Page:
External Beam Radiation Therapy (EBRT) and High-Dose-Rate (HDR) Brachytherapy for Intermediate and High-Risk Prostate Cancer: The Impact of EBRT Volume
Whole pelvis radiation therapy (WPRT) may improve clinical outcomes over prostate-only radiation therapy (PORT) in high-risk prostate cancer patients by sterilization of micrometastatic nodal disease, provided there is optimal control of the primary site.
Optimal therapy for clinically node-positive, nonmetastatic (cN1) prostate cancer (PC) patients remains controversial, ranging from aggressive local therapy to palliative systematic therapy alone. Despite guideline support, it is unclear if a brachytherapy (BT) boost should be considered for cN1 patients as these patients were excluded from randomized trials establishing its benefit. Herein, we compare definitive radiation therapy (RT) with or without a BT boost in cN1 PC.
CONCLUSION: PDR salvage brachytherapy in local recurrent previously irradiated prostate cancer is efficient with low late toxicity. Salvage-brachytherapy represents a valuable therapeutic option for the treatment of previously irradiated locally recurrent prostate cancer. PMID: 32593646 [PubMed - as supplied by publisher]
ConclusionsMaximal reduction of the rectal dose seems very important to prevent serious rectal hemorrhage. In addition, we should consider the risk of rectal toxicities in patients with abnormalities in the rectal mucosa, especially hemorrhoids.
1247Background: While the diagnostic performance of 18F-FACBC PET/CT imaging in the restaging of patients with biochemical recurrence (BCR) after initial prostatectomy is well documented, its clinical utility in patients with BCR following primary non-prostatectomy treatments is unknown. We aimed to determine detection rate of 18F-FACBC PET/CT scan and the patterns of prostate cancer recurrence in patients with suspected BCR after initial non-prostatectomy treatments, particularly in patients with PSA levels below the accepted Phoenix definition of PSA failure (PSA nadir + 2). Methods: In this single tertiary institution s...
Authors: Konat-Bąska K, Chicheł A, Staszek-Szewczyk U, Maciejczyk A, Matkowski R Abstract Purpose: Prostate and colorectal cancers are the first and the third most popular malignancies in male population, in which some patients may develop these tumors metachronously or synchronously. At present, there are no standard recommendations, and oncologists need to provide an optimal management for two different cancers with an acceptable risk of possible treatment of adverse effects. Material and methods: This case report presents the treatment of a 61-year-old patient suffering from synchronous prostate and rectal...
Dose-escalated external beam radiation therapy results in improved outcomes for patients with prostate cancer, but at the cost of increased gastrointestinal toxicity [1 –3]. Indeed, the prostate is not a static organ, and nearby critical structures present a limiting factor to delivering higher doses to the target volume. Methods including image-guided radiation therapy (IGRT) and intensity modulated radiation therapy (IMRT) have been developed to help reduce tox icity rates by improving confidence in target localization and by increasing dose conformity, respectively.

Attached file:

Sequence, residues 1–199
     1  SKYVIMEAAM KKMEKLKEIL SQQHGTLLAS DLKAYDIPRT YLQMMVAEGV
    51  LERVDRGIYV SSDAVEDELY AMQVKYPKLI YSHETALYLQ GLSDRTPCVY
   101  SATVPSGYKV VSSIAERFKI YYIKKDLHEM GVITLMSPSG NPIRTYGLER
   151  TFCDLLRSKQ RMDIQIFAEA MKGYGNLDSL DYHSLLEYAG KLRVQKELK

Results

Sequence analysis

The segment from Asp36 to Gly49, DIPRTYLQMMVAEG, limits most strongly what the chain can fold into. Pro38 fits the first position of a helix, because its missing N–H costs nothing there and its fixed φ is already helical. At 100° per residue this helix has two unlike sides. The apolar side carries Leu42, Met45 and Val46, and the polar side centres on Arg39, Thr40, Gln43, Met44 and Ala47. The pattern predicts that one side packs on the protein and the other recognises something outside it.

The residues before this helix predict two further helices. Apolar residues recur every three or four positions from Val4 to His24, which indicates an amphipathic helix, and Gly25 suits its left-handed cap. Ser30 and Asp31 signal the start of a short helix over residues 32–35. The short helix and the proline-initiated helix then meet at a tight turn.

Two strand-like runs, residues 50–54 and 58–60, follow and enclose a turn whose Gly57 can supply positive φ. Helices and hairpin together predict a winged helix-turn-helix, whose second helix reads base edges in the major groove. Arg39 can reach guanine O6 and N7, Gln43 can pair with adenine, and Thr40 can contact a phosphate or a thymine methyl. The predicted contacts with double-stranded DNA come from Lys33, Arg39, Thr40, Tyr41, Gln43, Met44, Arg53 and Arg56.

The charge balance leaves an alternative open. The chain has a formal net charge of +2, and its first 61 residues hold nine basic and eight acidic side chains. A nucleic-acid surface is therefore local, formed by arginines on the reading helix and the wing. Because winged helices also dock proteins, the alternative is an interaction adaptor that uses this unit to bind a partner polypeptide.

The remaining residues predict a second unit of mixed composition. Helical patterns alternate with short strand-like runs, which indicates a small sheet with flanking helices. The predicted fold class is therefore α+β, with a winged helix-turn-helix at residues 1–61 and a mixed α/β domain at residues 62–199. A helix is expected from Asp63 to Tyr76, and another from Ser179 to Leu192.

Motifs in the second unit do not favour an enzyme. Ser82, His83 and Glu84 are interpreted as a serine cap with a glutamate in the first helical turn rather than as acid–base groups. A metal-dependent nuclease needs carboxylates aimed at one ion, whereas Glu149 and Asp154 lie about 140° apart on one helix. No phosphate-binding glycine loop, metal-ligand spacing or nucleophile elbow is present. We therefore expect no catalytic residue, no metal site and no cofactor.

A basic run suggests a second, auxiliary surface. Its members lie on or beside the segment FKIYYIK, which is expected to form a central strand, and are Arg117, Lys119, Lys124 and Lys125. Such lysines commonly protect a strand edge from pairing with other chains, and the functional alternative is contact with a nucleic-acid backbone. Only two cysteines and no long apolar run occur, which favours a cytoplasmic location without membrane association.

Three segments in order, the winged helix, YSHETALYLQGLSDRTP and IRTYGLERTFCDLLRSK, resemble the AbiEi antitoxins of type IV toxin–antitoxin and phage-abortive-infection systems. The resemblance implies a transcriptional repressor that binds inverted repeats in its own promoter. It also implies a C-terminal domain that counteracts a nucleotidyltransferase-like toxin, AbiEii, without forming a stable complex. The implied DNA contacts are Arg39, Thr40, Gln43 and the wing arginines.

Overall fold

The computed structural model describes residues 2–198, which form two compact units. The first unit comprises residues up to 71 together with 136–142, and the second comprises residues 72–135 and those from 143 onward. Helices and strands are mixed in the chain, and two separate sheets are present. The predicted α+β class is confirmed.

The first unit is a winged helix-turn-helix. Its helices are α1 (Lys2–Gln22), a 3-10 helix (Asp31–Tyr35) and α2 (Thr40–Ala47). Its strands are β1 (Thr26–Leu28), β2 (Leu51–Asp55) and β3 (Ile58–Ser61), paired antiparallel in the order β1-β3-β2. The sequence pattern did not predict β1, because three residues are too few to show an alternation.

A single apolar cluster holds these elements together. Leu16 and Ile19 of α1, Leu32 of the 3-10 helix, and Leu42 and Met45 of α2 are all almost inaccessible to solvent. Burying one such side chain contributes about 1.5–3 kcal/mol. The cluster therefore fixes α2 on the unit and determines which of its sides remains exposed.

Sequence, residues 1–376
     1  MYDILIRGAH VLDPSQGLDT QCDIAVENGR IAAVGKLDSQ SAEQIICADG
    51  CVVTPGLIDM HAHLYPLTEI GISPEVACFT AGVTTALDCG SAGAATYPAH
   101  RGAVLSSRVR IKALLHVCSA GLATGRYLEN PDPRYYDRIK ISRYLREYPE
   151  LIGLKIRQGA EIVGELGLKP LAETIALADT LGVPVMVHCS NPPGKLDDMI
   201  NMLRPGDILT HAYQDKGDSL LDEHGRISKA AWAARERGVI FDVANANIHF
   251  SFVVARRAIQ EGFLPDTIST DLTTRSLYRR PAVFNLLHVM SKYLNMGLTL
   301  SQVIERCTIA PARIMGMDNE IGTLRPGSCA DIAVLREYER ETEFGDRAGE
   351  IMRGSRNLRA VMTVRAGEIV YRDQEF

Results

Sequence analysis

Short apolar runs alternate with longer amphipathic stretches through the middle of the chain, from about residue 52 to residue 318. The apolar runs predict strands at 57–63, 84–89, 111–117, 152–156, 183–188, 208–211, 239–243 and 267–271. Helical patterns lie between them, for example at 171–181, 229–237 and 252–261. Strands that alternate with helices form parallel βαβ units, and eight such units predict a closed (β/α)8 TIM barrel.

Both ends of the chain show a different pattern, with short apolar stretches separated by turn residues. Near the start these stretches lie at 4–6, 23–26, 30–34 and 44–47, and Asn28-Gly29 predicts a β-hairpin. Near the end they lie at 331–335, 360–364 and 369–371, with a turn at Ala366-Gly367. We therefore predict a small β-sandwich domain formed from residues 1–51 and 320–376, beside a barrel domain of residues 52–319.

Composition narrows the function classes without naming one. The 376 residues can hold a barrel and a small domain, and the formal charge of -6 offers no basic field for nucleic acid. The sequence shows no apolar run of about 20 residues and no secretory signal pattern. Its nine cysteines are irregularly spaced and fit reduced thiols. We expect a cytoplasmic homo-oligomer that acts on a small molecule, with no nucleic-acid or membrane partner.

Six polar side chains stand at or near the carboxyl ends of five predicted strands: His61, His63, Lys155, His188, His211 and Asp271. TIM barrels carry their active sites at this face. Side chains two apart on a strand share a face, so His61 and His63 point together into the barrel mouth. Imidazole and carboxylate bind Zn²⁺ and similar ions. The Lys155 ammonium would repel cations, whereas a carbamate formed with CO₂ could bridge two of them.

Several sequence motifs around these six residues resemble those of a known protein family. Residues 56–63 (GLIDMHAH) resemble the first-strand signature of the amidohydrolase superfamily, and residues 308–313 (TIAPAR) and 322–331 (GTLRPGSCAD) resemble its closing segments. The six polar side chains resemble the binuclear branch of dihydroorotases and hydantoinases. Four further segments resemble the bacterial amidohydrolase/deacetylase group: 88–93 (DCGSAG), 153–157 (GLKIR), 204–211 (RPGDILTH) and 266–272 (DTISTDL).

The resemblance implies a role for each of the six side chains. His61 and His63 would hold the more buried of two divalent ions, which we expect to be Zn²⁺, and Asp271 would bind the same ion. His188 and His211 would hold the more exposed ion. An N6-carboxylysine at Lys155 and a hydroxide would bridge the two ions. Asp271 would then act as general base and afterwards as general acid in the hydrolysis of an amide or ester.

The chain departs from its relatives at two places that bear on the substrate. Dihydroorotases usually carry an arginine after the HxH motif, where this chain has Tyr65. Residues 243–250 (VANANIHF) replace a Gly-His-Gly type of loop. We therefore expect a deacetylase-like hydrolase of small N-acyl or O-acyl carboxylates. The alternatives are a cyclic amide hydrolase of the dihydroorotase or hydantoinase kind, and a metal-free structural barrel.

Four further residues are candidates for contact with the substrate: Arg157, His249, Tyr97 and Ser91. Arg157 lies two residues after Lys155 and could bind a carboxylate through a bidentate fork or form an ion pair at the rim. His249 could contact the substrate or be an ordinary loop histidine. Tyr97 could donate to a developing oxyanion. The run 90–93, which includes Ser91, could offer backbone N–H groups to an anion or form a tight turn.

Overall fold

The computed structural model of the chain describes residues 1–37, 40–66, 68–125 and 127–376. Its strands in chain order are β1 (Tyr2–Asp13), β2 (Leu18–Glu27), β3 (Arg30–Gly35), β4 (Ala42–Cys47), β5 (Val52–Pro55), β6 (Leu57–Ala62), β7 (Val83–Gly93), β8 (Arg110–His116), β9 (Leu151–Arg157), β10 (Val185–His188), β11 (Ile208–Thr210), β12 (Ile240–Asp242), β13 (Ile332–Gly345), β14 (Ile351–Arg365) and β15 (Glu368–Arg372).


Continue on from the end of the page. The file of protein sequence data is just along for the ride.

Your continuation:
High dose-rate (HDR) brachytherapy is commonly administered as a boost to external beam radiation therapy (EBRT). Our purpose was to compare toxicity with increasingly hypofractionated EBRT in combination with a single 15 Gy HDR boost for men with intermediate-risk prostate cancer.
Prostate cancer therapies are improving over time. But how do the long-term side effects from the various options available today compare? Results from a newly published study are providing some valuable insights. Investigators at Vanderbilt University and the University of Texas MD Anderson Cancer Center spent five years tracking the sexual, bowel, urinary, and hormonal status of nearly 2,000 men after they had been treated for prostate cancer, or monitored with active surveillance (which entails checking the tumor periodically and treating it only if it begins to grow). Cancers in all the men were still confined to the p...
The age-old question in prostate cancer is which treatment is better, radical prostatectomy (RP) or external beam radiation therapy (EBRT)? Typically, RP failed at the margins of resection, whereas EBRT failed at the site of origin, and survival rates were the same. However, with low-dose rate (LDR) brachytherapy (BT), one can deliver high, ablative doses to the prostate, while also covering the edges, thereby capturing the best of both worlds.
Conclusion: The study did not demonstrate a significant benefit in administering resistant starch over and above normal diet to patients receiving pelvic radiotherapy. The reasons may be attributed to concurrent use of chemotherapy and decrease in intestinal probiotics. The use of digestible starch in the control arm may have contributed to lower incidence of the toxicity endpoints as well.